Burton on Trent01543 41424807944 105501
Refer a case
Laryngeal paralysis commonly affects larger breed dogs that are usually relatively old. The cause is usually not identified.
Ben, an elderly male dog initially presented with partial obstruction of the larynx caused by paralysis of the vocal folds that caused stress-related collapse and exercise intolerance. The problem was initially addressed with a “tie back” surgical procedure (see separate article in this section, and our post-operative care sheet for tie-backs in the section for owners).
Ear disease usually reflects local skin disease. Skin micro-organisms (bacteria and yeasts) love nothing more than warm moist nooks and crannies so the ear canal can make an ideal environment for them.
The soft palate is at the back of the mouth. For those who remember the Peanuts cartoons, the soft palate is the dangly bit you can see when Lucy throws her head back and yells at Charlie Brown!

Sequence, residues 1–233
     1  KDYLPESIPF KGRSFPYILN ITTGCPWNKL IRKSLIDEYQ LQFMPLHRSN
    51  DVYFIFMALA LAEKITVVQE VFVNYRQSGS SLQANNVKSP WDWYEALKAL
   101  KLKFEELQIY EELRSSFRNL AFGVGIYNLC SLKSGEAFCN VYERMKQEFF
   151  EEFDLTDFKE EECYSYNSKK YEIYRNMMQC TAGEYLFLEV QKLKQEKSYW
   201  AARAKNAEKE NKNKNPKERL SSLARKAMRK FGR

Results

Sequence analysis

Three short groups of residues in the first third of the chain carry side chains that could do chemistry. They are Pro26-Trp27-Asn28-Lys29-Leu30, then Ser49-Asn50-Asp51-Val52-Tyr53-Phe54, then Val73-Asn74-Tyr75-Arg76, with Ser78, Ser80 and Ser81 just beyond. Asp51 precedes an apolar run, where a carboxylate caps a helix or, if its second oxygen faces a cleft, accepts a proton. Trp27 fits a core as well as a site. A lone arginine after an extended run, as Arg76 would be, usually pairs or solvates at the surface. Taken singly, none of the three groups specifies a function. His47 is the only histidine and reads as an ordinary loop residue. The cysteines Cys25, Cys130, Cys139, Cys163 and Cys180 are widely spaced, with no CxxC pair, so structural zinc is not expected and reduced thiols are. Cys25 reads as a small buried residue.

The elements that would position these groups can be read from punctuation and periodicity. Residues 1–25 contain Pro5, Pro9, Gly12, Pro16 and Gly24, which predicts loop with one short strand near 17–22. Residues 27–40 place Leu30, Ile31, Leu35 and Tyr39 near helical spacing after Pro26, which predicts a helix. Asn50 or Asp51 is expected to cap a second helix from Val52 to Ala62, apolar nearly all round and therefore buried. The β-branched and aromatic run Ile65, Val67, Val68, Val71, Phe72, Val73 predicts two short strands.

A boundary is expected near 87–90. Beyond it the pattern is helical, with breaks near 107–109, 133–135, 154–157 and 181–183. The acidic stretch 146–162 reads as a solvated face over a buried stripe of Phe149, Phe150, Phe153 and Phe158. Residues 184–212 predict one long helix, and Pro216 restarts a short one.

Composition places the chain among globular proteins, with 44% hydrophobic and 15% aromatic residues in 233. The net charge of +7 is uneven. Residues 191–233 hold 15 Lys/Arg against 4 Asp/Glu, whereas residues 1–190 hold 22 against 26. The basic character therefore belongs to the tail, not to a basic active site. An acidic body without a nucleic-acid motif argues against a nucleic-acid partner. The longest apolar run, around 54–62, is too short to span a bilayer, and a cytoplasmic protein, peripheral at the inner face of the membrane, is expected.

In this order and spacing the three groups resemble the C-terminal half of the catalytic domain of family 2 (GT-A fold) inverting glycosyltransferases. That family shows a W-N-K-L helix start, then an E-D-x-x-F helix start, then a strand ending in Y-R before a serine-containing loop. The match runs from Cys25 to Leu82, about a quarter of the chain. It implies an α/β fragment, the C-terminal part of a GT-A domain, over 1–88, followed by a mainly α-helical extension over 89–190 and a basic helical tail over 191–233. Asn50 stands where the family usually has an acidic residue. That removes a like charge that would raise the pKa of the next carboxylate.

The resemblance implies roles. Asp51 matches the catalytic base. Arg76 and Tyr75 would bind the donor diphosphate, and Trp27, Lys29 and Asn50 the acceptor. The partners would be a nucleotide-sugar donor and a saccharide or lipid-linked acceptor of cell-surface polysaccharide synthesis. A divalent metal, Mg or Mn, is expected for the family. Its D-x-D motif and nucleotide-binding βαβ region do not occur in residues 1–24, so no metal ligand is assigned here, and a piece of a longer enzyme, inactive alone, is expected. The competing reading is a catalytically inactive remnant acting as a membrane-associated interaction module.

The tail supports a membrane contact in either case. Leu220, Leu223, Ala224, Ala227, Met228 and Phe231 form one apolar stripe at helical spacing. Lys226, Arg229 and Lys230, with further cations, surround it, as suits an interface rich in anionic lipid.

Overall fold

A young cat was presented to us at West Midlands Referrals for closure of an oro-nasal fistula – a permanent hole between the mouth and the nose. It was uncertain how this had originated but trauma from another animal’s canine tooth during a bite was a possibility.
Willow had upper respiratory breathing problems relating to her larynx. A tie-back procedure was unsuccessful and her breathing was becoming distressed.
Short nosed “brachycephalic” breeds are becoming more popular. This is not good news, because many of these dogs have compromised airways. In short, humans are choosing to breed dogs that can not get a good flow of air into their lungs.
Jake, a very amenable 1-year-old male cat, had a polyp in his right ear canal. This emanated from his middle ear but completely blocked his external ear canal.
Daisy presented to us at West Midlands Referrals with intermittent choking and coughing. Examination of the pharynx revealed a huge polyp which was debulked. The haemorrhage was controlled with pressure, and the histopathology will confirm the diagnosis! Regrowth is possible, even probable, but repeat surgery should be very feasible.
Gypsy had a mass in the larynx's dorsal (top) part, which is the opening to the trachea (windpipe) that delivers air to the lungs.
Georgie had a lateral wall resection (LWR) for recurrent otitis externa, external ear infection. The aim of this surgery is to increase the ventilation to the depths of the ear canal and make the environment less atrtractive to the bacterial pathogens that can otherwise colonise it.
Errisbeg House, Barton Turn,Barton Under Needwood,Burton On Trent,Staffordshire,DE13 8EB
01543 414248 / 07944 105501
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